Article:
Too much red tape?
The Scottish government has been indulging in a bit of landlord-bashing of late.
Scotland, which has devolved powers in housing, claims to be leading the way in reforming the private rented sector. Well, they have certainly made some big changes, which have left landlords and letting agents north of the border squealing in protest. But whether they are leading the way or have taken a serious wrong turning somewhere remains to be seen.
So what are these reforms?
Compulsory landlord registration for a start. This was already in place in Scotland but the regime has been strengthened further. All private landlords must register with their local authority before letting out a property. The maximum fine for operating as an “unregistered landlord” is a whopping £50,000.
The purpose of registration is so that the local authority can decide whether the landlord is a “fit and proper person” to let property. Councils are required to check an applicant’s criminal record as well as take into account any complaints they have received or any information they have that the would-be landlord has breached property regulations in the past. Registration lasts for three years. Landlords then have to apply again. The current charge to register as a landlord is £55, with an additional fee payable for each property. There are reports that about 6,000 landlords in Glasgow alone have so far failed to register.
Not only that. It is now an offence in Scotland (that’s right – an actual criminal offence) for a landlord to use a letting agent without notifying the local authority. Failure to do so is punishable by a fine of up to £1000. Yes, you have read that right: you can get fined for using a letting agent without permission.
And if that wasn’t enough to make any landlord run for the glens, wait until you hear about the “Tenant Information Pack“, or TIP. TIPs are supposed to become mandatory from early 2013. The TIP is a bit like the disastrous “Home Information Pack” (or HIP) – remember those? – but for rentals, not sales. Landlords will be required to provide all new tenants with a TIP – a sizeable booklet which has to be in a standard format – and which will contain information on things such as property condition, tenancy agreements, EPCs, gas safety, levels of occupancy and rights and responsibilities of landlords and tenants. Failure to provide tenants with a TIP will also be a criminal offence.
Oh, and it is also now illegal in Scotland to charge tenants fees. This is aimed at those so-called “admin fees” charged to tenants by letting agents, supposedly to check tenant references etc (and we thought that’s what the landlord was paying the agents for).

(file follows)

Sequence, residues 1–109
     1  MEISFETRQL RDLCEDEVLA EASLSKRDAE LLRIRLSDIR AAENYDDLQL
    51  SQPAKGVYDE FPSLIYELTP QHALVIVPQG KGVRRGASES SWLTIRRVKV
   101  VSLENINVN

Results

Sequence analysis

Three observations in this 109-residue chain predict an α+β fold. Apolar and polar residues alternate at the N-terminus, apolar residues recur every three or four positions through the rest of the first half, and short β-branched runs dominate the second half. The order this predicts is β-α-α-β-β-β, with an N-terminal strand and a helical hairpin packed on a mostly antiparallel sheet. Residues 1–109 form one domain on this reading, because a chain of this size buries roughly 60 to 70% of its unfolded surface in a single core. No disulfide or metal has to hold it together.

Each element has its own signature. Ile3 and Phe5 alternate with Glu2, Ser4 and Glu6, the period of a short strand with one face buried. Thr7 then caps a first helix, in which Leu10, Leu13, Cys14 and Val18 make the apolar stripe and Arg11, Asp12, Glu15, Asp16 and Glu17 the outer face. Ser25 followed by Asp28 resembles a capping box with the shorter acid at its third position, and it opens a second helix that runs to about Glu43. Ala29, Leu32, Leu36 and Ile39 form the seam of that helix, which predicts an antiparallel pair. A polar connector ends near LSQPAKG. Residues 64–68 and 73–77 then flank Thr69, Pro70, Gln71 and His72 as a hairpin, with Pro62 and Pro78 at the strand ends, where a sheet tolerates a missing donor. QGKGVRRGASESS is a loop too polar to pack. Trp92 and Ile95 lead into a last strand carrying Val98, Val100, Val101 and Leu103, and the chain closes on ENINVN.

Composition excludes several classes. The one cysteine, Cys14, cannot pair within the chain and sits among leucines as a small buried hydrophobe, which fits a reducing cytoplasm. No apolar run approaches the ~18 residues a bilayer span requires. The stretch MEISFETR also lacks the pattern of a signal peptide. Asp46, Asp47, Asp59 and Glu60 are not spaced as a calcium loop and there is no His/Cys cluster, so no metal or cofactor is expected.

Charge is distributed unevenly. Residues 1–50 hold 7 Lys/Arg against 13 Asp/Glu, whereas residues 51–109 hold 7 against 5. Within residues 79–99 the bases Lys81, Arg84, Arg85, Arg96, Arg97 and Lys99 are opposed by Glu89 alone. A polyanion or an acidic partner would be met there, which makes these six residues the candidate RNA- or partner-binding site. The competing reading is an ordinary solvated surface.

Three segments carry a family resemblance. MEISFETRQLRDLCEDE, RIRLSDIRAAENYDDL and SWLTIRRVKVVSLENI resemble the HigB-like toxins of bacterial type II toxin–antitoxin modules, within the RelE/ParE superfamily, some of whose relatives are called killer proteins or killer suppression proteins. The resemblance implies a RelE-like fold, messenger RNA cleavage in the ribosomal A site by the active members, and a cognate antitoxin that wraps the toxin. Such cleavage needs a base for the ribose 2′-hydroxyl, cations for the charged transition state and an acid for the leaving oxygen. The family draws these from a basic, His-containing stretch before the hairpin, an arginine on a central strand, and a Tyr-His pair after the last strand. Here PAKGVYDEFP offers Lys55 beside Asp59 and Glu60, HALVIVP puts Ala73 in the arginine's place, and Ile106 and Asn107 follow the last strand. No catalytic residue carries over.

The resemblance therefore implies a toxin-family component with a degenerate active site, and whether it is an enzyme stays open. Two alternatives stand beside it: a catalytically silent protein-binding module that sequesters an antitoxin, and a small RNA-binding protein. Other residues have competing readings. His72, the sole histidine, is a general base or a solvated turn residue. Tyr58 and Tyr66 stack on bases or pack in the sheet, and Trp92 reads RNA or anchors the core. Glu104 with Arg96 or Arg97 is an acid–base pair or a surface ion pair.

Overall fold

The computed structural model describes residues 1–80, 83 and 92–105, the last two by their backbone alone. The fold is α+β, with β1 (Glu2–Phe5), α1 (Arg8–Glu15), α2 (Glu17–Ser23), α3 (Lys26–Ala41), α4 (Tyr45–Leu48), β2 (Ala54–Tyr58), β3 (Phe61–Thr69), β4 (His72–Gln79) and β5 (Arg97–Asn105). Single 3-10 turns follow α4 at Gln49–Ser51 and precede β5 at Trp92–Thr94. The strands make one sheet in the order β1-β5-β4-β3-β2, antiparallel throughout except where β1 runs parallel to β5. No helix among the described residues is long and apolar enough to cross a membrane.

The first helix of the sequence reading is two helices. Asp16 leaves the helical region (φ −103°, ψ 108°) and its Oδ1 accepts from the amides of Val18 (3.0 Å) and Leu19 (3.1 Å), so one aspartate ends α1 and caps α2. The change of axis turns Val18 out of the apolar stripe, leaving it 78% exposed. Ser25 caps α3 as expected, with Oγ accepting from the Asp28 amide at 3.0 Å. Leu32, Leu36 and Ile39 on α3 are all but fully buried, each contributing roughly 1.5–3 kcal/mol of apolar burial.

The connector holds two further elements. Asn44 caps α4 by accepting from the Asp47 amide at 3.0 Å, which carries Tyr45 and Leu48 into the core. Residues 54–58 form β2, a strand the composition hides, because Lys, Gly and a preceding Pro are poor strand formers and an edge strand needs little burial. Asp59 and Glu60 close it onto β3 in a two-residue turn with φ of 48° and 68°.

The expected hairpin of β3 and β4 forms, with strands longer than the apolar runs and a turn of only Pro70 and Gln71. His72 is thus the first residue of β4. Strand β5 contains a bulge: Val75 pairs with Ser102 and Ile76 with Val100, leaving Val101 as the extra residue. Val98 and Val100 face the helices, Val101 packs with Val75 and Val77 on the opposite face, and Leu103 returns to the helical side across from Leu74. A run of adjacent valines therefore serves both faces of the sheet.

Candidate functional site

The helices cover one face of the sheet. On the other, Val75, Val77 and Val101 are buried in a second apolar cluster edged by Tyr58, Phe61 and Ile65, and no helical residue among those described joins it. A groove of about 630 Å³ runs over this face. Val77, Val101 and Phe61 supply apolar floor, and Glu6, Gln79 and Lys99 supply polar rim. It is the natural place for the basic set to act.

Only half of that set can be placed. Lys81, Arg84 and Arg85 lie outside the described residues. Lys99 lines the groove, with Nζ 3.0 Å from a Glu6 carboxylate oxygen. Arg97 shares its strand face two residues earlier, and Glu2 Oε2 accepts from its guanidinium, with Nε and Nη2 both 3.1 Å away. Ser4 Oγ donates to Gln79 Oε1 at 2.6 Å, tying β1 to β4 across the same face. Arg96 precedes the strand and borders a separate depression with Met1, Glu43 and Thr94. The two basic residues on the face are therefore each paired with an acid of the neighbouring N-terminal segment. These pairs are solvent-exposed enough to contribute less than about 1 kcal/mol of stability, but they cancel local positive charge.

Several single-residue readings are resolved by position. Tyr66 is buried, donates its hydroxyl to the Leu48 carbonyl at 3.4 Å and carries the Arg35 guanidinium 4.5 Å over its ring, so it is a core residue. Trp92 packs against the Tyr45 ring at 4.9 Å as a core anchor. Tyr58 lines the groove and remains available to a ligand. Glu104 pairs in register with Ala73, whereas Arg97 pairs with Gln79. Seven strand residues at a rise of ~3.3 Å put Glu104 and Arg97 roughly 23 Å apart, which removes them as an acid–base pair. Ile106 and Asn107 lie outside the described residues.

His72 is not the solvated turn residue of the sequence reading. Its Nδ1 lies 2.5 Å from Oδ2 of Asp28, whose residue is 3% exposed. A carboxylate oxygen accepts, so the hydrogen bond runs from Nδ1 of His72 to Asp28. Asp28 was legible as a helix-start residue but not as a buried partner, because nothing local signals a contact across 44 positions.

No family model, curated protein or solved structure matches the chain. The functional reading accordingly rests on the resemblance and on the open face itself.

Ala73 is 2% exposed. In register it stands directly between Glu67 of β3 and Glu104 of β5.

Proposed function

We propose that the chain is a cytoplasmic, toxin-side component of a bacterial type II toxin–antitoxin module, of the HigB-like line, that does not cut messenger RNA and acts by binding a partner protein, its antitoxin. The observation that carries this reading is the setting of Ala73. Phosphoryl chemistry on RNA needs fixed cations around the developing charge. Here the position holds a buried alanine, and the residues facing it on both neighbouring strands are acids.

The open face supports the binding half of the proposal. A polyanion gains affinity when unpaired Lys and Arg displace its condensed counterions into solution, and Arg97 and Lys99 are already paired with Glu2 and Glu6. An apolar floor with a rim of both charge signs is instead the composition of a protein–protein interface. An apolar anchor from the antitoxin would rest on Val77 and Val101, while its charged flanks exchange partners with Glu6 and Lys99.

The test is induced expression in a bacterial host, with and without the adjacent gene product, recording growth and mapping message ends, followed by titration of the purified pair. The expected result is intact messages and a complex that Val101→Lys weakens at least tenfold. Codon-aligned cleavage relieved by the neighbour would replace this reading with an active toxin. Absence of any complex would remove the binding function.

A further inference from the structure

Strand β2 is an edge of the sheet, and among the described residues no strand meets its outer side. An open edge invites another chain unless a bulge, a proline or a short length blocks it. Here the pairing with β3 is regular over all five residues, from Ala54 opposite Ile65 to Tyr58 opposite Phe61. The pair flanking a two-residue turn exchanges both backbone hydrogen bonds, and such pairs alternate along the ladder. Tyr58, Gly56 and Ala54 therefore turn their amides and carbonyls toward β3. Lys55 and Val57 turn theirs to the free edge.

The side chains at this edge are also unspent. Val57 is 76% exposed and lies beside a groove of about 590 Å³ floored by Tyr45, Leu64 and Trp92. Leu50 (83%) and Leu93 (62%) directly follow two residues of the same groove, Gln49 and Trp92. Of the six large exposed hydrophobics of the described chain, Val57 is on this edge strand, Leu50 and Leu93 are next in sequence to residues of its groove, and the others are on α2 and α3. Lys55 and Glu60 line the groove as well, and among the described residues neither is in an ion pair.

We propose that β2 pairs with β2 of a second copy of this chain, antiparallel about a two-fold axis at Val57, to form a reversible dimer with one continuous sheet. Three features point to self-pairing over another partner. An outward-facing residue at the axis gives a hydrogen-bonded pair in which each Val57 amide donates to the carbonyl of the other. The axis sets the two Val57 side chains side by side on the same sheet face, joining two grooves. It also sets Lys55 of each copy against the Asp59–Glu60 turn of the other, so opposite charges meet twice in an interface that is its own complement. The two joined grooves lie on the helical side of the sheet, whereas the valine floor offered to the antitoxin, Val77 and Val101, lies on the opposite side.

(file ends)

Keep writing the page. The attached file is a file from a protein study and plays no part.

Further proposals that may be in the pipeline include compulsory licensing for letting agents and possible reforms to tenancy agreements, to give tenants more security of tenure.
We welcome the outlawing of fees charged to tenants. Letting agents charge landlords up to 10% of the annual rent to find tenants, reference them and draw up a tenancy agreement. It is clearly wrong for them to charge the tenants for the same tasks. It is only because good rental property is in high demand that agents have been able to get away with this practice and it is time it stopped in the rest of the UK too.
But that aside, these proposals are a backward step and will not achieve their stated aims. The vast majority of landlords and letting agents (well, landlords anyway) are decent honest people, perhaps with one or two buy-to-let properties that they are hoping will suffice for a pension. Others may be so-called “accidental landlords” who are driven into letting out their home because they have been unable to sell it and need to move, perhaps for work reasons. Demonising these people and threatening them with criminal sanctions or massive fines if they fail to register or if they – heaven forbid – dare to use a letting agent without Big Brother’s permission is not the way forward.
As for Tenant Information Packs. How many tenants care about occupancy levels or their EPC rating? They will be more concerned as to whether the production of the mound of paper sheepishly handed to them by their landlord is likely to have resulted in a rent increase. The TIP will go straight in the recycling box, unread. Most of the information is readily available anyway if tenants are interested.
And anyway, how are all these new laws going to be policed? The reports that 6,000 landlords in Glasgow alone have failed to obtain licences is hardly surprising. Is Glasgow council really going to start fining these law breakers up to £50,000 each? And how will it trace unregistered landlords anyway? If they can’t get round to registering they are not going to advertise that fact.
And what happens if a landlord is declared unfit to be a landlord? Does he have to evict his tenants or face prosecution?
The result of all this Scottish regulation is likely to be this: badly-behaved landlords will continue to flout the law, as they do now, good landlords will think twice about taking on any more properties, and many would-be landlords will be put off the whole idea. Some letting agents will go out of business. Fewer landlords may be welcomed by some, but fewer landlords means fewer rental properties,which inevitably means higher rents. Unless the Scottish government plans to regulate rents too, of course. Our advice to investors: don’t buy in Scotland.